My blog has been changed to make it more appealing for those who have New England ancestors and want to see the area through photos. Things I’ll include are typical white New England churches, libraries showing their genealogical collection, historical societies, cemeteries, war memorials, in general, anything to do with history.

For four years I’ve blogged mostly about my personal genealogy in New England (Connecticut, Massachusetts, Vermont, and New Hampshire), New York, New Jersey, Michigan, Illinois, Wisconsin, and the Eastern Townships of Quebec, Canada. I still will, can’t forget my own roots.

Please check out the labels on the right side for articles. The header tabs at the top are a work in progress.

Thursday, December 23, 2010

Delight Adams Benham and The Rest of the Story

This is the conclusion of the high profile murder in the family of my 2nd great-grandaunt, Delight Adams Benham. The first post begin with my explaining my love of the name of Delight, and how I wanted to write a story about her. I was very curious as to why her step-sons were not mentioned in the will. So with a little time on my hands, and before I knew it, I was reading about a murder in the family of her deceased husband, Franklin Benham of Batavia, New York. Not just any murder, but one that happened to a very wealthy newly wed 20 year old and everybody in the state was reading and talking about it.

If you have not read any of the posts, they are provided below.

Part 1   Delight Adams Benham and is there a Story?
Part 11 Delight Adams Benham and There is a Story (I hope you will read the comments, among the best I've ever had.)

Follow-up for Howard C. Benham and his family:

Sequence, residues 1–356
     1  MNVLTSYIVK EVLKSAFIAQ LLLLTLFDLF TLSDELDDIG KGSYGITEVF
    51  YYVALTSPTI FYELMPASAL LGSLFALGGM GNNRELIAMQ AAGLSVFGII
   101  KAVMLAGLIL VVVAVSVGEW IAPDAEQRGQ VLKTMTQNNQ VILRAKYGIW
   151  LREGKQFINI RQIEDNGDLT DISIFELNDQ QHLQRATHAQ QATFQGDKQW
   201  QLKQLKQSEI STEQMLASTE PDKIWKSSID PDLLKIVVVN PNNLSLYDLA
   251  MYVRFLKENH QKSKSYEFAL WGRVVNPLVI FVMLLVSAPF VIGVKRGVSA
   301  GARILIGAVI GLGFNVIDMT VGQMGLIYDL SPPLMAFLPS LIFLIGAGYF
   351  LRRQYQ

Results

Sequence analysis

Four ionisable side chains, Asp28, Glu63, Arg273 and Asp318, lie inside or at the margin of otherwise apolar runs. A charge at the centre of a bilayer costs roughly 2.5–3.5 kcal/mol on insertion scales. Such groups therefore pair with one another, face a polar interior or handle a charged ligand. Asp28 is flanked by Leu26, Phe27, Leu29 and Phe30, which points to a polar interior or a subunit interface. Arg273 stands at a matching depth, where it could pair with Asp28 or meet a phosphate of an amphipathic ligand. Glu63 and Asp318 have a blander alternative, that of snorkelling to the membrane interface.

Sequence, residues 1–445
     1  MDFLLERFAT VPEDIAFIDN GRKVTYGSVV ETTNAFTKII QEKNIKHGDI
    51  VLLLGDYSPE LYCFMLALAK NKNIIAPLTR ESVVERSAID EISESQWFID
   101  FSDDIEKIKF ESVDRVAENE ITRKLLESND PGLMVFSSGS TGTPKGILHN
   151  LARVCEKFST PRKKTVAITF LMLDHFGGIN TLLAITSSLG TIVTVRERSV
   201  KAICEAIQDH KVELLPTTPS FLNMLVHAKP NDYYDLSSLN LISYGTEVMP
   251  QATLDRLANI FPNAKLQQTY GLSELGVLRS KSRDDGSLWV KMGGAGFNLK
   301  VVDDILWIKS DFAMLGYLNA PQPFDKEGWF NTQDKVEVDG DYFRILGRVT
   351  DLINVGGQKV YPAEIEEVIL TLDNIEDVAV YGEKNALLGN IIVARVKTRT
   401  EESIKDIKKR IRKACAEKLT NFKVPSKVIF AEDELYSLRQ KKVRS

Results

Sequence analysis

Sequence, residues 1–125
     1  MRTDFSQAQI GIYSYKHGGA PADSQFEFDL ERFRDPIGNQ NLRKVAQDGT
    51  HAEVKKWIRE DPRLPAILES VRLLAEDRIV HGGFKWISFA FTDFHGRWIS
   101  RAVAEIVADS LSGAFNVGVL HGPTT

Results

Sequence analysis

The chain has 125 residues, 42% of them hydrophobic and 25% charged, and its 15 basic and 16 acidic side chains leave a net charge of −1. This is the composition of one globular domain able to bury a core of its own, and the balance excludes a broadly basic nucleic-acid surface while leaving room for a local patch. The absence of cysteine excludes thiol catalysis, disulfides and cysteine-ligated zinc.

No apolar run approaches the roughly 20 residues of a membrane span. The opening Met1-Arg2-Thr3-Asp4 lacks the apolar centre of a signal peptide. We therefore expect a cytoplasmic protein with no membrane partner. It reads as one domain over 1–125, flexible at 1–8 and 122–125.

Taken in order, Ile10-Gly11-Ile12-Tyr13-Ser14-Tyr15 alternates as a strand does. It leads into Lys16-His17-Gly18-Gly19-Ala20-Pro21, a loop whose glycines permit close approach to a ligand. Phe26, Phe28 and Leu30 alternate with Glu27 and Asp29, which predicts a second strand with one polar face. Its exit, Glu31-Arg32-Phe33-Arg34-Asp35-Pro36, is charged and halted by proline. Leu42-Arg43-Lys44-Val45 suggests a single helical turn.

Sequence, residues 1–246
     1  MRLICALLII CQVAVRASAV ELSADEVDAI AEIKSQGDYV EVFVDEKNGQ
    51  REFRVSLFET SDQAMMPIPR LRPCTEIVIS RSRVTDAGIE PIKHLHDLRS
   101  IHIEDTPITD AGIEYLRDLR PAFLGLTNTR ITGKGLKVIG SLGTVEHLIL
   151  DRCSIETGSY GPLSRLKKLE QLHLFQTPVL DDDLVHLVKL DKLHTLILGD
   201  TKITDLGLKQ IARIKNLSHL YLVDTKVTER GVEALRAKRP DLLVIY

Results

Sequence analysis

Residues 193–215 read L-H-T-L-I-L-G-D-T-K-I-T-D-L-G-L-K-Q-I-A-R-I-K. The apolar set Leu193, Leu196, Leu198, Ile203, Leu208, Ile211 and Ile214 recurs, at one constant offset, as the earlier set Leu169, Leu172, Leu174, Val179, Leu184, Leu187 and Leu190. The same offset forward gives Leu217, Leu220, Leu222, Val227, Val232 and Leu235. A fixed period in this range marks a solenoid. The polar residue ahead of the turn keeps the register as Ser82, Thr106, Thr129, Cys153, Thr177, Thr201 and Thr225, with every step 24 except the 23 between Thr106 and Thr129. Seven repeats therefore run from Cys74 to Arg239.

“As for the motive for the crime, it was said that (Howard) Benham desired to be free from his wife, not only that he might inherit $30,000 that she possessed, but that he might marry a young woman with whom he was said to be desperately in love.”

Howard was found not guilty in June, 1900, and tried to put his life in order. He desperately wanted to be in vaudeville and had signed a contract. The show was cancelled because there were too many protests in Buffalo against him. Other headlines state, he moved to Cleveland, tried to recover control of wife’s property from his step-father-in-law. In January 1901, Howard “reported married in Indianapolis to millionaire, Esther (Estelle) Crum.” The new Mrs. Benham says she fell in love with Howard from a picture during the trial. On June 27, 1901 a paper reported he (Howard) was ill in Ohio with Typhoid fever, and it was reported two weeks later that he died in Columbus, Ohio, and was buried back home in Byron, New York.

The story continues to be sad, for his (Howard's) property went to the lawyers, not to his very young orphaned son.

Martin C. Benham (Howard's father):

Howard’s father, Martin C. Benham had his own problems. And headlines as well.  Martin moved in with the young couple, Florence and Howard, and was hired to handle their finances and to be the guardian of Florence. Everything seems to be fine, until after the murder and the arrest of his son in January 1897.

Per the New York Times, March 20, 1897, “Batavia, N.Y., March 19.—Martin C. Benham, father of Howard, the alleged wife murder, made three attempts to take his own life yesterday. Mr. Benham has been gradually breaking down mentally since his son’s arrest.”

Per the Democrat and Chronicle, Sept. 29, 1897 of Rochester, NY. – The headline: “Contest Over the Account of Martin C. Benham as Guardian.” He was in court because of possible misuse of the money, as there was a shortage in his accounts of $2,449.12.

The headlines from March 1897 to January 1901 ran from, “Mind said Failing,” “Condition improved,” “Not insane,” “Health now excellent,” “Mentally confused,” “Declared insane,” “Home,” “Ill,” “in Jail on Contempt, then released on health reasons,” “Worse – Confined to bed,” “To be Freed Today,” “Has pneumonia – now at home,” and four days later “Died.” 

Other Family Members:

Howard’s second wife eloped with a Cincinnati lawyer, per paper dated 12-7-1903.